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What is Amazon Athena?

What is Amazon Athena?
(Image credit: Shutterstock)

The answers companies need from their data can sometimes be elusive. We live in an age where data is in great abundance, especially with the expansion into cloud storage. But the tools to analyze and process that data are not always easy to use, overly accessible, or even that effective. The problem? Data has to reside somewhere, and most companies have to think about how it is stored, who will access it, how to make that secure, and most importantly how to make data access reliable and fast.

That’s where Amazon Athena can help. It’s a query service in that companies are able to run SQL queries against their data as though it resides in a local data center. It’s serverless in that you don’t have to manage the infrastructure at all or use database software to manage it. And, it’s extremely fast. Your staff can run SQL queries and expect results even on large datasets in a matter of seconds.

To use Amazon Athena, the data is first housed on Amazon S3 (Simple Storage Service), which is an object storage service that runs in the cloud. Amazon S3 is what makes the data accessible and safe to use, while Amazon Athena is the query service that provides the power to derive the results you need from the data. This means you don't need to concern yourself about designing databases.

One way to think about Athena? It’s somewhat similar to a Google search. You know the data is out there, but it’s often hard to find the data sets you actually need. A query is similar to a Google search in that you create the parameters for the SQL query you need to perform. The difference here is that you're using cloud computing services instead of a search engine.

This is not something that requires setup or configuration, which is typically the case with a local data store and can involve an ETL (Extract, Transform, Load) which prepares data in a database for a query by isolating the dataset. Instead, your query can run without using ETL and therefore simplifies the process -- you run the query from an easy-to-use web console. You point to your data in S3, configure the schema, and start the query.

One example of how this might work involves a retail company that sells a large number of products with thousands or even million os SKUs (stock-keeping units). A company might want to know if there are SKUs that should be retired. Normally, this might require preparing a complex ETL to configure and prep the data for SQL queries. Because of how the object storage works within Amazon S3 and because of the integration without other Amazon Web Services (such as AWS Glue Data Catalog), the queries work without any prep.

This means companies can run a point-of-sale transactional query like the one related to retired SKUs or perform other queries faster and with better results.

Benefits of Amazon Athena

As with most Amazon Web Services, the major benefit to using Amazon Athena is that it provides great flexibility in how you run queries without the added complexity. One example of this is with a pharmaceutical company using the cloud for genomic research. Your staff might decide to run multiple queries against the data set, but normally each one requires setup and configuration to create a cloud database that can accept the queries. With Athena, the staff can run multiple concurrent queries all at the same time but trust the results will be clean and accessible within seconds. These actionable results from queries will mean that companies have access to clean, reliable data to make better decisions and continue their research.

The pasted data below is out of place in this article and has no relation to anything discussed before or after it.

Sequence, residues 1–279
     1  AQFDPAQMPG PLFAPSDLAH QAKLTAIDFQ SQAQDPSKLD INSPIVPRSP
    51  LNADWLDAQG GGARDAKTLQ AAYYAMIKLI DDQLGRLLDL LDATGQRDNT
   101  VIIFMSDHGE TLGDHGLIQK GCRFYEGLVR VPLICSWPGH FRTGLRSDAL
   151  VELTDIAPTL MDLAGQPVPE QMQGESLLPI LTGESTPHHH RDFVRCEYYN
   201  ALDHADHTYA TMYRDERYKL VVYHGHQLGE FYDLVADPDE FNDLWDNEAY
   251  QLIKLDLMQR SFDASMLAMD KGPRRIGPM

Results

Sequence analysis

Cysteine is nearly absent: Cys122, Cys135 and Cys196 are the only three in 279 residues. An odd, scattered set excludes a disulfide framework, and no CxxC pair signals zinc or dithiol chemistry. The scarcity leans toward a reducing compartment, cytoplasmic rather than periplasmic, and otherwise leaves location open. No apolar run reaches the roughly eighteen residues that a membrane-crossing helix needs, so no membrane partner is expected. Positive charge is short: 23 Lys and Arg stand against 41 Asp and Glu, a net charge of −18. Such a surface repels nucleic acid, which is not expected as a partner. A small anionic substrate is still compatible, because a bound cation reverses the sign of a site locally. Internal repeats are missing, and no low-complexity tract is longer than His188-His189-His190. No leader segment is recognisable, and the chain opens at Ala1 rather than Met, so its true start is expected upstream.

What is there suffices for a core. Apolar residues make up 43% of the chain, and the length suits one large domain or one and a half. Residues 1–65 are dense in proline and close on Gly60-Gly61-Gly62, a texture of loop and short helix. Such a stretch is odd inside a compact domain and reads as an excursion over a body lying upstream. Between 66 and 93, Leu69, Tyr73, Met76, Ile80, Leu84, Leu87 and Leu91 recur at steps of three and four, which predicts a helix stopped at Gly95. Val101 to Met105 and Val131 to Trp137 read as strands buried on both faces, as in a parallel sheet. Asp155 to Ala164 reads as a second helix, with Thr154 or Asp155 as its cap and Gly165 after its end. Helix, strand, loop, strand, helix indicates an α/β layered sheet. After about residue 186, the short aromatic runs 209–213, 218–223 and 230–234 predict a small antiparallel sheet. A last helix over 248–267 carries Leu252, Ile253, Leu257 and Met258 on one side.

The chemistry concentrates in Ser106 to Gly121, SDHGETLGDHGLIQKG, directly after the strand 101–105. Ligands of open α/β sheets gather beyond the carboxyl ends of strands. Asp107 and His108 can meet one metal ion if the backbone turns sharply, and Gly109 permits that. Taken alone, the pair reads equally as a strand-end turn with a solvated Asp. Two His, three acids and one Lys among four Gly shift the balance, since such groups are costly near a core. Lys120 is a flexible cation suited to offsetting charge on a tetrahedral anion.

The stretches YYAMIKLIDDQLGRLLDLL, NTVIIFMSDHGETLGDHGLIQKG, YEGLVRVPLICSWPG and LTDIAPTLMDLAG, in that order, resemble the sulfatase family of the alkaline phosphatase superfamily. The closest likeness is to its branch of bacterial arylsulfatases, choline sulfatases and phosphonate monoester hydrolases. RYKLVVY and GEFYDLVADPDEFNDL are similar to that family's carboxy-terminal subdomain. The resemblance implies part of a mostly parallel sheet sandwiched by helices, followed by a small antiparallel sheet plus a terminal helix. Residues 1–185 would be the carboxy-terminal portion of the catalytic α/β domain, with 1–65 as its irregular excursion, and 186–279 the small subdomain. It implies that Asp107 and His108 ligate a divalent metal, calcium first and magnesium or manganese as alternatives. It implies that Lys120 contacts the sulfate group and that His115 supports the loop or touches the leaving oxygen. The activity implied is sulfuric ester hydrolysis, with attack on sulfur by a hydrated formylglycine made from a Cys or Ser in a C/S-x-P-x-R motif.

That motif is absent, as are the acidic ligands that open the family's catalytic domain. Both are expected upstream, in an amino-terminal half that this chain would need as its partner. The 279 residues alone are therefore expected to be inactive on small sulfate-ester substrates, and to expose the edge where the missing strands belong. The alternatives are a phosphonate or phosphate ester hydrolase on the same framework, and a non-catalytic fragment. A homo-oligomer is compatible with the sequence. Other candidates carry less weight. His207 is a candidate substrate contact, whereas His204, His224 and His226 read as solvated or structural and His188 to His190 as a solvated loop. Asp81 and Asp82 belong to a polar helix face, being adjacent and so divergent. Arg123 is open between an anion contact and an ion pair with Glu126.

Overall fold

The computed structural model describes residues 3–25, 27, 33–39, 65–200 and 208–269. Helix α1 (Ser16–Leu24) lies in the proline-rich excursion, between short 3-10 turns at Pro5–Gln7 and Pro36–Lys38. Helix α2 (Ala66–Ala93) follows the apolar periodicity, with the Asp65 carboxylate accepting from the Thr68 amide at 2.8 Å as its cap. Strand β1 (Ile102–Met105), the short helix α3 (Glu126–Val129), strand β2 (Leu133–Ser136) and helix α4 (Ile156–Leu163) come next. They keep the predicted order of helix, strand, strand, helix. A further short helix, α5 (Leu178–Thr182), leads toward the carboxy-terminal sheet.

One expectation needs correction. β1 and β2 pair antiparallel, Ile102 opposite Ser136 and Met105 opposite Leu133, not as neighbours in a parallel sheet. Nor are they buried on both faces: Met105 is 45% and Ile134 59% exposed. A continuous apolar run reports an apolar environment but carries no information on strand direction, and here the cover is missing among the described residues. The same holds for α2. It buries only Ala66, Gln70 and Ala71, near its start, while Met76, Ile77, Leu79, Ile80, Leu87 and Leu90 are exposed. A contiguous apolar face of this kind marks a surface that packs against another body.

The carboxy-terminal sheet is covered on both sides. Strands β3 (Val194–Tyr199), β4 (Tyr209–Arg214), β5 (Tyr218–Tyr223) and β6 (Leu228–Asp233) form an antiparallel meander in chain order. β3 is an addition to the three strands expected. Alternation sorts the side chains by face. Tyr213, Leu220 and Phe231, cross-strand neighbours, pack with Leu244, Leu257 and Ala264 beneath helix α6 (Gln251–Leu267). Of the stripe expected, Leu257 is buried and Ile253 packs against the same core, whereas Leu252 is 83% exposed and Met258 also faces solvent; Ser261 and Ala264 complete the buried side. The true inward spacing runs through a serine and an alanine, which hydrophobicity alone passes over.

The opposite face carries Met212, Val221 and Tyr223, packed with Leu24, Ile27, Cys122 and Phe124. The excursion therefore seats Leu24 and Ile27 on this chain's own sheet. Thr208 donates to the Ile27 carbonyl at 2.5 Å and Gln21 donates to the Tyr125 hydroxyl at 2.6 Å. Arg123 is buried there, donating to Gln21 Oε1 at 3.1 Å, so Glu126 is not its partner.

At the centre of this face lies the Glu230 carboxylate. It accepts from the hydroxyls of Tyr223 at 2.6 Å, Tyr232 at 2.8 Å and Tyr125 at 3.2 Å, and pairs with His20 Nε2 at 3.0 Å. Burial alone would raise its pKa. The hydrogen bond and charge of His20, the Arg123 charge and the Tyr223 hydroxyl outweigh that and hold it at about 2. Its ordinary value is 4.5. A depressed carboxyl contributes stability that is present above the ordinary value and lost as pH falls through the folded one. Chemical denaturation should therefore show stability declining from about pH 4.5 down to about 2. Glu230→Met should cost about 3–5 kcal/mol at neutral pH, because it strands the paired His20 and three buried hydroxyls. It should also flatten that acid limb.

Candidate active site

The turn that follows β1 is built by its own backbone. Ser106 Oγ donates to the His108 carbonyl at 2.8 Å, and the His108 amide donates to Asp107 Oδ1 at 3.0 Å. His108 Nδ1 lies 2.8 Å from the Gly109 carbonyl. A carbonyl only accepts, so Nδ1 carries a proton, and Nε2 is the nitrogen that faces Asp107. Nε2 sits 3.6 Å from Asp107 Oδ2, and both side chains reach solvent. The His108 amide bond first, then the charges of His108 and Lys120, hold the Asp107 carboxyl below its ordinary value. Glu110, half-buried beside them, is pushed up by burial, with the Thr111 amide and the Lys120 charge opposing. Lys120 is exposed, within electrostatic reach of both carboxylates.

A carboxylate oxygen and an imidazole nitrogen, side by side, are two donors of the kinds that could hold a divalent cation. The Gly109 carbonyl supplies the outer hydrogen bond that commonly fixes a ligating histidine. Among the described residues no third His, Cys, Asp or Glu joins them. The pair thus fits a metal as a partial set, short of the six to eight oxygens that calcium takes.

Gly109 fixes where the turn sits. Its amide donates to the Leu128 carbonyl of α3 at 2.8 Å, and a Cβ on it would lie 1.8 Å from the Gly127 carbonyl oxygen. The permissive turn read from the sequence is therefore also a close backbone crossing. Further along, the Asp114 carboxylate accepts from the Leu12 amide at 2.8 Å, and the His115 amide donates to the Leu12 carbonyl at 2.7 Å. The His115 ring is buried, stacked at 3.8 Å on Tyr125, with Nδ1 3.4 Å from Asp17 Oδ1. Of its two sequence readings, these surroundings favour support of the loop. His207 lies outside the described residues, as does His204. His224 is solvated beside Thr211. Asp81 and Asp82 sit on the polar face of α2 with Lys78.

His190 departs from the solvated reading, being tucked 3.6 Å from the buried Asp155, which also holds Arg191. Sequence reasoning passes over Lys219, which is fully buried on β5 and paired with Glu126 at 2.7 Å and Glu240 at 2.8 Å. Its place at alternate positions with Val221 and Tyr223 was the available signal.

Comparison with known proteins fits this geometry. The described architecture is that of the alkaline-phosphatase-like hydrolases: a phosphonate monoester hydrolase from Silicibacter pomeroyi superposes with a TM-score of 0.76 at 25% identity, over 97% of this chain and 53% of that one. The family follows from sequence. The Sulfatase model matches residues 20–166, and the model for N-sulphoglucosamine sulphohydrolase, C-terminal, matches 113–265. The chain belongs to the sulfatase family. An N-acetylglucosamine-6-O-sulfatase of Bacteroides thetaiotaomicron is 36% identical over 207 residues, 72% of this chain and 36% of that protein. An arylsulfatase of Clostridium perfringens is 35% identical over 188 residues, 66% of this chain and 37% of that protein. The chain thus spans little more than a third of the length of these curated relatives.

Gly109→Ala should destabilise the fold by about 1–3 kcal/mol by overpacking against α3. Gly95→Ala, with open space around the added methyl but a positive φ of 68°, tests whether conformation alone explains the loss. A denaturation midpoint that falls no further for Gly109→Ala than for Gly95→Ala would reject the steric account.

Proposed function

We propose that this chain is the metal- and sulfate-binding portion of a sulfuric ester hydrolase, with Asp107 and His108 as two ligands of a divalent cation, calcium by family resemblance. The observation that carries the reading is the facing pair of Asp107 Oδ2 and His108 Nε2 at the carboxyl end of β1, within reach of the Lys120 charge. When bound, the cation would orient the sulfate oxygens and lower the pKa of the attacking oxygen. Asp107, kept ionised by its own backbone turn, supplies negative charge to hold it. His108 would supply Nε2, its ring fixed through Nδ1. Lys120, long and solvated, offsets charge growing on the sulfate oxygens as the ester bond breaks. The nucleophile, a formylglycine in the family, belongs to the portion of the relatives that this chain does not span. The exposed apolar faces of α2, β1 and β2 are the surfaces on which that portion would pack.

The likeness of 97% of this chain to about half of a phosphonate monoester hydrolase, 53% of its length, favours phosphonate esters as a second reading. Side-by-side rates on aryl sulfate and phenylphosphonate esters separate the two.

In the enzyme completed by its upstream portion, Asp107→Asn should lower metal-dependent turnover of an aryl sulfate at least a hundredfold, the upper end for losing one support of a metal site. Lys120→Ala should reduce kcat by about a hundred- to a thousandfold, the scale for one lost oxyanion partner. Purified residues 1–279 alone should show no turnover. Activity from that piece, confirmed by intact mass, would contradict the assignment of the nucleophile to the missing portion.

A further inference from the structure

Another advantage to Athena related to this is a lower cost. Companies don’t have to manage the footprint required for the datasets, so if they do run multiple queries or need to make decisions related to a vast treasure trove of data, they don’t have to first improve the IT infrastructure or configure their data storage to handle the higher number of requests. Athena expands and retracts performance variables as needed for the queries at hand.

As mentioned earlier, Athena is flexible enough to handle a variety of tasks related to database queries. It runs standard SQL and supports standard data formats such as CSV, JSON, ORC, Avro, and Parquet. Athena uses Presto -- an open-source SQL query engine -- with ANSI SQL support, so it is not a proprietary query service users will have to learn from the ground up. Athena lets you run quick SQL queries but also supports more complex joins and arrays.

In the end, the power comes into play with Amazon Athena because it runs within Amazon S3, so all of the benefits of that object storage platform for your database carry over to Athena in terms of reducing complexity, providing the endpoint security and performance needed, and allowing companies to run multiple queries without having to manage or configure the infrastructure. Companies can focus more on the actual queries and results, not on the platform itself.